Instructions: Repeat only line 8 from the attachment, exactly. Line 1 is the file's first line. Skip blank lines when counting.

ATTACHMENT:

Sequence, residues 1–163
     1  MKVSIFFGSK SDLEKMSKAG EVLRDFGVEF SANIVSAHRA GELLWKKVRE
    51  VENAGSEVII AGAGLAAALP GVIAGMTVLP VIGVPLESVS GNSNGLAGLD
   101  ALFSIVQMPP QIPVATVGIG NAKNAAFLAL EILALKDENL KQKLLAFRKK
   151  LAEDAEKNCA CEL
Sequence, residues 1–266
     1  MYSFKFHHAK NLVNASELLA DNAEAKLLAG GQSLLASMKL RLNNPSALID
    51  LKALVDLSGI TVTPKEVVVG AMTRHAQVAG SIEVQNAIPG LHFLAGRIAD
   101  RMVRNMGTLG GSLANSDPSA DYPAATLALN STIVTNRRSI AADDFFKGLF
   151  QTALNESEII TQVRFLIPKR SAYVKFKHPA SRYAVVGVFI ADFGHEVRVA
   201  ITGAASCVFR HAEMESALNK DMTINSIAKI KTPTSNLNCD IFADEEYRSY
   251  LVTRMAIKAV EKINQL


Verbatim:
    51  LKALVDLSGI TVTPKEVVVG AMTRHAQVAG SIEVQNAIPG LHFLAGRIAD